Ortiz is the 340th elected member to the Baseball Hall of Fame. In total, the BBWAA have elected 135 candidates with 58 being in their first year of eligibility. Ortiz now joins Harold Baines and Edgar Martinez as the only Baseball Hall of Famers whose primary position was designated hitter. According to Baseball-Reference, Frank Thomas had appeared in more ball games as a designated hitter (1,310) than first baseman (971), but the Baseball Hall of Fame has identified his primary position as first base.

There were legitimate concerns regarding Ortiz’s candidacy beginning with a July 2009 article from The New York Times. His name was leaked as one of 104 ball players who had tested positive for performance enhancing substances during the anonymous survey testing in 2003. Even with Commissioner Manfred’s explanation regarding the possibilities of inconclusive results and false positives along with the confidentiality breach, voters still faced a gray area regarding another performance enhancing substance conundrum without a clear set of guidelines. 

Ortiz was a one-dimensional ball player who was never known for his baserunning prowess and defensive abilities. According to Baseball-Reference, Ortiz had appeared in 2,028 regular season ball games as a designated hitter with only 278 at first base. Over 2,166 innings playing first base, Ortiz had posted -7 defensive runs saved (DRS) and -3.6 ultimate zone rating (UZR) according to FanGraphs. In 20 major league seasons, Ortiz had stolen 17 bases in 26 attempts with a 65.38 percent success rate.

The Wins Above Replacement (WAR) statistic has become a popular evaluation tool for voters since it incorporates multiple facets of a ball player’s abilities based on offense, defense, and baserunning. According to Baseball-Reference’s calculation, Ortiz’s career 55.3 WAR ties him with Hall of Fame outfielder Max Carey for 154th all-time among position ball players. In 2007, he posted a career best 6.4 WAR and had eclipsed a 5.0 WAR four times which means Ortiz was performing at an all-star level. In total, Ortiz had finished in the American League’s top 10 in terms of WAR for position ball players only on three occasions (2005-2007).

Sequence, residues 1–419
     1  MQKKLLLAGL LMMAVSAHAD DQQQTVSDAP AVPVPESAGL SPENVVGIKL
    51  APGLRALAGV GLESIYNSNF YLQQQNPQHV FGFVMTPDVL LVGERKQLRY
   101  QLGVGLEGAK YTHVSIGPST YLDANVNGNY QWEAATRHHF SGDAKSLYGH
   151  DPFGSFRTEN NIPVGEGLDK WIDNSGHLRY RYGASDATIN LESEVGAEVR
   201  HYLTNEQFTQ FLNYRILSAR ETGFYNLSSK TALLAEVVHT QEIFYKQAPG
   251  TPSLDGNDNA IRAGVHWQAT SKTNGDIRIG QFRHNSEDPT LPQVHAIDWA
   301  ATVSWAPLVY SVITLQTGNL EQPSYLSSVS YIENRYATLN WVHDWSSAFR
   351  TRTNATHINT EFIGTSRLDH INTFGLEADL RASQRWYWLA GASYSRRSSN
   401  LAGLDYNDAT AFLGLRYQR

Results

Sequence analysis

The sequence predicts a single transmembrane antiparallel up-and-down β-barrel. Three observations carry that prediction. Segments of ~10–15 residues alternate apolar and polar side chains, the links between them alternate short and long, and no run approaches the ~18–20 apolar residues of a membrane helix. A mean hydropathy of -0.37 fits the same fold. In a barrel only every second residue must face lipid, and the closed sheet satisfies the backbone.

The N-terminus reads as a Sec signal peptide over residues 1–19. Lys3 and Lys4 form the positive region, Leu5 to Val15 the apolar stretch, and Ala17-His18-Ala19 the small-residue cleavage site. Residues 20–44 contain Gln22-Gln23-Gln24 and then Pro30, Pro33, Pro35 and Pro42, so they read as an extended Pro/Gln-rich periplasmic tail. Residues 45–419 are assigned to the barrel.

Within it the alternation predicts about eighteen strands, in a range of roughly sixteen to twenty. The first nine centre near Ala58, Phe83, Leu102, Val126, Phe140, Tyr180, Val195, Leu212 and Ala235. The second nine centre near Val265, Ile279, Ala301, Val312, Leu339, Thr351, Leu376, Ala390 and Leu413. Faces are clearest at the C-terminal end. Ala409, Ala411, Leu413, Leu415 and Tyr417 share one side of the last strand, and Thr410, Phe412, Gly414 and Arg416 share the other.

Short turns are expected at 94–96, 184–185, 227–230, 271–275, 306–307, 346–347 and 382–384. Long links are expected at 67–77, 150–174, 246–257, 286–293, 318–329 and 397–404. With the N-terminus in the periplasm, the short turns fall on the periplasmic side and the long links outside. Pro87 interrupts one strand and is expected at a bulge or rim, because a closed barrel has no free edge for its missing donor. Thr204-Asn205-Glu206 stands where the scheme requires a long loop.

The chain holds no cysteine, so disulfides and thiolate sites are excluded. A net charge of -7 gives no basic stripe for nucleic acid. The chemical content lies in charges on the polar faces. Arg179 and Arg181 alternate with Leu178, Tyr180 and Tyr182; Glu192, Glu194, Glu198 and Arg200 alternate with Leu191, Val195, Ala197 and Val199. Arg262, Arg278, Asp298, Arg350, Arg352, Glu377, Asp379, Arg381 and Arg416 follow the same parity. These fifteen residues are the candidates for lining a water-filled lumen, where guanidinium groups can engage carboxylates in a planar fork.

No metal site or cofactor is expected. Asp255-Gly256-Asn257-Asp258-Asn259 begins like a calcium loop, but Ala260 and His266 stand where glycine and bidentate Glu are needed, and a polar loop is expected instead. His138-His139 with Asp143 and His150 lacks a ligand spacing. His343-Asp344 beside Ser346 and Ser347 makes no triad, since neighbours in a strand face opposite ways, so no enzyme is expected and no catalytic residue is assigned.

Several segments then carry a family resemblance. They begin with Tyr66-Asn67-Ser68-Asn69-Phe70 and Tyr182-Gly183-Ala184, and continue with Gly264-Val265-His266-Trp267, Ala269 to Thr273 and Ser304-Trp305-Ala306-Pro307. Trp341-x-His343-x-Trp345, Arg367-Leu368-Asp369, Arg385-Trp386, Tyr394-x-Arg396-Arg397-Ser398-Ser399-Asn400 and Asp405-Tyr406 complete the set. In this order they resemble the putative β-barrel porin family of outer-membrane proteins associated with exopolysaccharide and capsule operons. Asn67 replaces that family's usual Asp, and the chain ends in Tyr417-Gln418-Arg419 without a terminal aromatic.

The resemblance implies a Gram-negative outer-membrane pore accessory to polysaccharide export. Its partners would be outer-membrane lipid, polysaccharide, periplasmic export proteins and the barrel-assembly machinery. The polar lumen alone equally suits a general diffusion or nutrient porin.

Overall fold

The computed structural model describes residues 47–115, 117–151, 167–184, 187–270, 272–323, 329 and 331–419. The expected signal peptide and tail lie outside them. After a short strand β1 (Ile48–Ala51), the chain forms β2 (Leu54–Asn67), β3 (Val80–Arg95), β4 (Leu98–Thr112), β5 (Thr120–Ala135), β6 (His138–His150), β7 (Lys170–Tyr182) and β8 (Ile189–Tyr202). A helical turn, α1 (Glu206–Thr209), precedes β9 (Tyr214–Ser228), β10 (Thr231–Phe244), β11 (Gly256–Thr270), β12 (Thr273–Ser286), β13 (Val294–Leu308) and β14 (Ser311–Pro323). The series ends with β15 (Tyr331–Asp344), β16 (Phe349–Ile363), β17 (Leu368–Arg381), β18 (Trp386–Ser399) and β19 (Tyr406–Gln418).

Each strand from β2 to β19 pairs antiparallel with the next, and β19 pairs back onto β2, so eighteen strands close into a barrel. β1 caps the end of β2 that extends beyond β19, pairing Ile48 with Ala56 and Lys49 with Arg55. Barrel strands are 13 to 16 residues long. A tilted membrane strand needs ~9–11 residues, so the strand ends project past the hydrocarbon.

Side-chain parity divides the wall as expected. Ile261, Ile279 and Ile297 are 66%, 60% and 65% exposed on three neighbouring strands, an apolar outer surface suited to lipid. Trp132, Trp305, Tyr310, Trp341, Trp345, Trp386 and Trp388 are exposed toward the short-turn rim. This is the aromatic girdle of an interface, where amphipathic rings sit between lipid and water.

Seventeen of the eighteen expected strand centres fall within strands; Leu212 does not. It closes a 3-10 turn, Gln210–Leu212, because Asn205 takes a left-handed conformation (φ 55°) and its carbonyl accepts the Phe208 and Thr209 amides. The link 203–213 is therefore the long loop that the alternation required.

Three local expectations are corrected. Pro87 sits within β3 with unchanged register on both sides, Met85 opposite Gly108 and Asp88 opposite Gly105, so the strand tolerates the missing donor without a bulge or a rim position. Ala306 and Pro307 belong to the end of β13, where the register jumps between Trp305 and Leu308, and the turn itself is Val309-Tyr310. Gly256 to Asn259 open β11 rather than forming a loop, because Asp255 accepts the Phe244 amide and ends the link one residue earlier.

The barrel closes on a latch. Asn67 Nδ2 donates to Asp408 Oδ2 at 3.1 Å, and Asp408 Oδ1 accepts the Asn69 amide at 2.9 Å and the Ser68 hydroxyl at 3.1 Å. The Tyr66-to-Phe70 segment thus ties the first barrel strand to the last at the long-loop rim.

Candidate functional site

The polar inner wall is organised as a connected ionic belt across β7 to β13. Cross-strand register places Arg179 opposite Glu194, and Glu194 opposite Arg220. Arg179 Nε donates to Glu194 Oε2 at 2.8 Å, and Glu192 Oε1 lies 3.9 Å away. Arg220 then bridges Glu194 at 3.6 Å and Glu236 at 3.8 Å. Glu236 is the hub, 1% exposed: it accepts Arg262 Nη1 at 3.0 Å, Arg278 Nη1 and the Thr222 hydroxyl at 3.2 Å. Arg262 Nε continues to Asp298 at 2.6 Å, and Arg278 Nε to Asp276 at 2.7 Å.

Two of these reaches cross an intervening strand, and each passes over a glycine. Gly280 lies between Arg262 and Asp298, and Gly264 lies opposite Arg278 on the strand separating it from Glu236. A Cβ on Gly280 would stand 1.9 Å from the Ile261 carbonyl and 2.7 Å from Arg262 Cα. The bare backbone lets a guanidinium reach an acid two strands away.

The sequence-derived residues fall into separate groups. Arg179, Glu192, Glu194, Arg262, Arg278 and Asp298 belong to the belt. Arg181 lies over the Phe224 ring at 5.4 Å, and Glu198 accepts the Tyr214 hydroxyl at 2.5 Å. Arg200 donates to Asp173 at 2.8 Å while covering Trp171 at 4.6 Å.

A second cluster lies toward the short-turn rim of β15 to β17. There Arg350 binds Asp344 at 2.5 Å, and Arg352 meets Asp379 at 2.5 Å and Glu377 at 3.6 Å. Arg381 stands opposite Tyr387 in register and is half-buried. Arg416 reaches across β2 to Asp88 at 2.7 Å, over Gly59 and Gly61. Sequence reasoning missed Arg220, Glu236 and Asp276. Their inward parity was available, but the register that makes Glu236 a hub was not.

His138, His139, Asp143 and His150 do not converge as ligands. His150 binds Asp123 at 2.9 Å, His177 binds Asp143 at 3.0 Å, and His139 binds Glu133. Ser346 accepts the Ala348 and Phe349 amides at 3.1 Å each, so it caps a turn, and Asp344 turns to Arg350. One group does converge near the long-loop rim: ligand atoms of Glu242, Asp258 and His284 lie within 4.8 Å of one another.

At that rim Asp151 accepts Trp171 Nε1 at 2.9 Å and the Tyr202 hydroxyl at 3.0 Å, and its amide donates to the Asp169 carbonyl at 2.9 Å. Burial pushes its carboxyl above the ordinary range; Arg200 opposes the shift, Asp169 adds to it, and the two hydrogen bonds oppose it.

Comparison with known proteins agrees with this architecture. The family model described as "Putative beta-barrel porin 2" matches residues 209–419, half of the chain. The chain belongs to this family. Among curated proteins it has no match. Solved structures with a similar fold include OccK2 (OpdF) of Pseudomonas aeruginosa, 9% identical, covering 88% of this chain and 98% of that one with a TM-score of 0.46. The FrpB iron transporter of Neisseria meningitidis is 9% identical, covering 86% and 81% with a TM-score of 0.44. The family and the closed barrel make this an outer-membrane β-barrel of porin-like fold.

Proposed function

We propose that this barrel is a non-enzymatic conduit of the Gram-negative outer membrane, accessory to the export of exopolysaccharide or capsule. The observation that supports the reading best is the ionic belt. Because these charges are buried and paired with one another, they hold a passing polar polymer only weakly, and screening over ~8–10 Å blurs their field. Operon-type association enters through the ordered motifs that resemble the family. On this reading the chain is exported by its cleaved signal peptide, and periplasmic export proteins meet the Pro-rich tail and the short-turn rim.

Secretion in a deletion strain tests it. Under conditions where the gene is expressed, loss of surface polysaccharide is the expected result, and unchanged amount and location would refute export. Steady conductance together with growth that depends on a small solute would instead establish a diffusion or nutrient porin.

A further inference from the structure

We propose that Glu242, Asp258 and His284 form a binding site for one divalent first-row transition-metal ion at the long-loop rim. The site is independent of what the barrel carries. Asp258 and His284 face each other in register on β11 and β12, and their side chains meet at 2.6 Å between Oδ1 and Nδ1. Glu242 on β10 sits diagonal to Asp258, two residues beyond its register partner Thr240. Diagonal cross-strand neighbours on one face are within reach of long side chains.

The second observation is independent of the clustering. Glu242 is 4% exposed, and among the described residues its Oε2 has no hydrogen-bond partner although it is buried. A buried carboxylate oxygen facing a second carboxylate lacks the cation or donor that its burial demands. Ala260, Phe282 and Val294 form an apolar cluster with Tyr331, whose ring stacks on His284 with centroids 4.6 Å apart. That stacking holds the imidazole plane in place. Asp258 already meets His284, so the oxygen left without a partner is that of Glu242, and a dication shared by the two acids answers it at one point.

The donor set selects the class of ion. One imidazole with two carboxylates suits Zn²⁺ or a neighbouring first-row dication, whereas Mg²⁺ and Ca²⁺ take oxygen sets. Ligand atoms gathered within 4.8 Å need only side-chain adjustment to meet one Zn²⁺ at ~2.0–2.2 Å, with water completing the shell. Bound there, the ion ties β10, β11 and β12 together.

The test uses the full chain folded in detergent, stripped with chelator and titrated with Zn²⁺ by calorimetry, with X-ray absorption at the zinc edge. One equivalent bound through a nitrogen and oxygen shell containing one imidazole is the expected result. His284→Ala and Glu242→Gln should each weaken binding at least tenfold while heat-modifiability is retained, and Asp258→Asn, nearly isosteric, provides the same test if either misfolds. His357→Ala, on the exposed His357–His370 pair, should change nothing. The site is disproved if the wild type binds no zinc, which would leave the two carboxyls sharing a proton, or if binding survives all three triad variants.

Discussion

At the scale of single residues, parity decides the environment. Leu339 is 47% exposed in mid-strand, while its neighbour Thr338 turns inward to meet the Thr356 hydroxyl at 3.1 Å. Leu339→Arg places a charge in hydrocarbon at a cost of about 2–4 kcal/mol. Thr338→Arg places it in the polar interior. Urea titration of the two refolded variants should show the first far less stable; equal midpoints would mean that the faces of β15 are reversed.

The designated hitter position has recently gained acceptance among voters. Along with Martinez’s 2019 election in his tenth year of eligibility, Ortiz is only the second designated hitter elected by the BBWAA with Baines’ enshrinement coming way of the Today’s Game Era Committee in December 2018. An eight-time winner of the Edgar Martinez Outstanding Designated Hitter Award (2003-2007, 2011, 2016), Ortiz has also won the prestigious Hank Aaron Award on two occasions (2005, 2016) for being the best overall offensive performer in the American League.